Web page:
3. I just had my surgery on Feb 8th 2011. I am 3 weeks out of surgery and I have already lost 26 lbs. I weighed in at 446lbs and I am 37 years old. The first 2 weeks were rough. I think the worse part had to be the severe pain in my lower belly on the left side of my navel. I actually cried a couple of times and i don’t cry. The DR said it happens to almost everyone and they don’t know what even causes it. Dr’s have probed and probed to find the reason for it and no one knows why. Now in my 3rd week the pains are gone. I can sleep on either side and I have so much energy. I can walk around my local Wal-Mart super center at a fast pace without getting tired. I know wired….. I also do not like water but I found that Wal-Mart carries Great Value drink mixes that come in a box with 10 packets inside. You pour one in a bottle of water and shake and drink. No sugar and they taste great. I really like the fruit punch, cherry, grape and sunrise orange. I am still trying to get used to really chewing my foods up. I hate the feeling when I get a blockage and have to throw it up. I did buy a mini chopper at Wal-Mart for chopping my foods better for me. I am glad I did this and with the support and love from my girlfriend/fiancée I know I will succeed.

  4. I’m 4 days post op. Came home yesterday. Stopped pain meds by choice – no pain at all. Today I was bored so I went to the grocery store – bought apple juice and beef broth for me – food for hubby. Food doesn’t bother me. I’ve been to restaurants with friends and family since I started the liquid diet. I don’t seem to crave anything. I’d like to have certain things but saying no doesn’t seem to be an issue. So far, so good….liquid until next Tuesday but no problems with the items I’m allowed to have so far. Thanks for this blog. It is helpful.

  5. Dont worry I am 11 Months post op and would do it again in heartbeat.

  6. Dr Jawad, in Ocala, Florida is ranked the #1 doctor in Florida for bariatric surgerys. he is very caring and I was even postponed my first time due to a low platelet count. I had to have a blood work up to inclue a bone marrow aspiration (ouch) but went through it and got the clearance needed to have the surgery. I wrote my results and such above. Just wanted to put in a plug for Dr Jawad and what a wonderful wonderful doctor he is. If you are someone who has not had the surgery yet and you live in florida, certainly check him out, you will not be sorry. :)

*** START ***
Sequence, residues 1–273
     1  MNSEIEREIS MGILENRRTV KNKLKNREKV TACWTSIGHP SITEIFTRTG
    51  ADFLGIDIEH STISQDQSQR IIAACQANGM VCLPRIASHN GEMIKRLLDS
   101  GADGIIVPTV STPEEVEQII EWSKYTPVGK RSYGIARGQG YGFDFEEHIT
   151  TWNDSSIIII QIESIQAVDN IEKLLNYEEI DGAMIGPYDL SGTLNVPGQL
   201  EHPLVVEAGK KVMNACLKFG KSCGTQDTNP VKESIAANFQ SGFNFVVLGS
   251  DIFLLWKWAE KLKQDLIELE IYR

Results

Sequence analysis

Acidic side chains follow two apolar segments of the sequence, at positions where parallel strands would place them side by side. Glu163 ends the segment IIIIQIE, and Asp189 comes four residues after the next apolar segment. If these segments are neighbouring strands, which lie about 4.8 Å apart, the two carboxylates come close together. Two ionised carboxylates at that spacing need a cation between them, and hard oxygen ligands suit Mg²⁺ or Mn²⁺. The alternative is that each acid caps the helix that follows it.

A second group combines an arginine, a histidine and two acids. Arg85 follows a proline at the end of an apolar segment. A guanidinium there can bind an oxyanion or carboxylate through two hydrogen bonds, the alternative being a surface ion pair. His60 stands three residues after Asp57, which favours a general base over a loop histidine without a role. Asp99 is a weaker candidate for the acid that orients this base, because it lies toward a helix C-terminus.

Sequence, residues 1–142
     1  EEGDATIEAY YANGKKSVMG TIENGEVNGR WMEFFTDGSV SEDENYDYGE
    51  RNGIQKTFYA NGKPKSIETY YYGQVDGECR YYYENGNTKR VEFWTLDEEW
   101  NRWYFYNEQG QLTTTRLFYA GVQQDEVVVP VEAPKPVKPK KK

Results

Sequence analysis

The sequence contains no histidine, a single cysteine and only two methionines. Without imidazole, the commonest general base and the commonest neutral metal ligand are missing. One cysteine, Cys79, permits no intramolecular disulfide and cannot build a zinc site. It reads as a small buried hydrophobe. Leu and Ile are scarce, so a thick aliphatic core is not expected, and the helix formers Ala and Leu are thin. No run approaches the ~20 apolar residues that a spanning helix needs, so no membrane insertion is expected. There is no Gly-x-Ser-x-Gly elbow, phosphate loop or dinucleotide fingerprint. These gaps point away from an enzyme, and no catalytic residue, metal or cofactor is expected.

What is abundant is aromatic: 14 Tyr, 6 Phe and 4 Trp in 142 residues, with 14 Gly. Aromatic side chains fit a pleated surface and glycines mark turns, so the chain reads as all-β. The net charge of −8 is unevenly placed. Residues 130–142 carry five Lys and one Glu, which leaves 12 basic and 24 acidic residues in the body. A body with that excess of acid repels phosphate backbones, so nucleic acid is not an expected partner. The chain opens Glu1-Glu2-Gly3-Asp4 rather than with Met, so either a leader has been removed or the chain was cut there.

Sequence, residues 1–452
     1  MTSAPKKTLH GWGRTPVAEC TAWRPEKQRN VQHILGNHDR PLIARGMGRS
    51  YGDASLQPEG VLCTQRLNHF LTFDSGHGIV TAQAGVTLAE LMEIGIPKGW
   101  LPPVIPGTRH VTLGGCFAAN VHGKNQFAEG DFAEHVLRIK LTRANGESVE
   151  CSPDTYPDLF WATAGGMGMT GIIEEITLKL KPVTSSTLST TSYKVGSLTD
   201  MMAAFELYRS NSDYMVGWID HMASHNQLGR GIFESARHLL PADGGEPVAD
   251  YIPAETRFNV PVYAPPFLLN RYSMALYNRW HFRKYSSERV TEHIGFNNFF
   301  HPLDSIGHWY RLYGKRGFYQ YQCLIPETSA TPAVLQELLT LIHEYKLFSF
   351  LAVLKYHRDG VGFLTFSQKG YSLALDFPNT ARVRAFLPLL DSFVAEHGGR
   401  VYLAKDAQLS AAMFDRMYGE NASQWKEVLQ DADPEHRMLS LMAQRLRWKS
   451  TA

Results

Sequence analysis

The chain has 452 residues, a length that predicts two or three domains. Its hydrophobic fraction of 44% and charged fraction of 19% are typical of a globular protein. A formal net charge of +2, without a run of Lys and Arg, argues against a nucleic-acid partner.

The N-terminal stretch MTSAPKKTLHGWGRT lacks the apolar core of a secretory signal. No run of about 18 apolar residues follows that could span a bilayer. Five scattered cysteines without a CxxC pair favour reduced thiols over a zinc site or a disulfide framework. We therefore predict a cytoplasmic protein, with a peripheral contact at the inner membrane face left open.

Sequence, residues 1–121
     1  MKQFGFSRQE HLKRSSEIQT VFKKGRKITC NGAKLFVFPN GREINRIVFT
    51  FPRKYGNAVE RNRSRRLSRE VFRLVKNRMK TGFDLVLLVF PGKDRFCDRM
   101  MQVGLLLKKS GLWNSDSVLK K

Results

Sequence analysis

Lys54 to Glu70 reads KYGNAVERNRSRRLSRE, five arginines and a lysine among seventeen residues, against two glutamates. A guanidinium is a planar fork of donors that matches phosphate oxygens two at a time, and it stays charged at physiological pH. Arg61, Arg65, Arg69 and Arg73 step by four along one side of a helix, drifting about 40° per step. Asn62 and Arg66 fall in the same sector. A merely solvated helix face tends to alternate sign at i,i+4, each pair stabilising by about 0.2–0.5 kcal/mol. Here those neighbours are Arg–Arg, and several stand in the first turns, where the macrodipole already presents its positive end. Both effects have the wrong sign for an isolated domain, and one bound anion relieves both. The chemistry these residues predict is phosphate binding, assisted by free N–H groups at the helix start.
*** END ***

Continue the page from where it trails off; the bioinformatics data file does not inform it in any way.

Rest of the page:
7. Hi, I just had the full gastric bypass on Valentines Day, (a week ago). I have been fine so far, no set backs. Did find out I have cirrohsis of the liver and I am not even a drinker. Also, may have crohns disease so while I got one thing done, I was hit with another. So far (knock on wood) I have not had any issues with any of the staples or the G-tube that the doctor leaves in the old stomach for over a month. I live in Florida and used the #1 doctor here and believe his numbers are so high because of the G-tube. I saves a lot of pain from what I understand. I do remember at the hospital that I sort of got depressed but mostly due to the fact that I was getting prodded and poked less than hourly for one reason or another and because of the liver disease I was made aware of. I have no regrets so far with the surgery except that I think of some of my favorites restaurants and the food I love at those places and know that, yes, I can have it again, one day, but not for quite some time and on top of that, an extremely small portion of what i was eating prior to the surgery. When I left the hospital, was in for 2 days, the 2nd for observation on my other issue, i hadnt lost any weight. thought ok, it has been a total of 3 days since i ate any food and on the 4th day and still not even dropped a lb. i have been weighing daily which i know i shouldnt do but have been losing a lb or more a day since i left the hospital. i already had the dumping syndrome before the surgery (hence my possible crohns) so even though I seem to not have lost THAT, it has to be aiding in my losing weight. I have been dying for a scrambled egg but now after reading about the egg consumed above, lol, I am thinking twice about rushing it. I just want some kind of consistency in my mouth other than liquid. I do not like yogurt or cottage cheese. I have protein shakes daily and sugar free jello and apple sauce. that is about it for me other than water and an occassional broth or hot tea. all in all, i am excited about the journey ahead, I have also not smoked since the night of the 13th, day before the surgery. Craving cigs allllll the time, especially because i cannot replace the craving with food any longer. please wish me well and if you have any info or suggestions, please fee free to let me know :)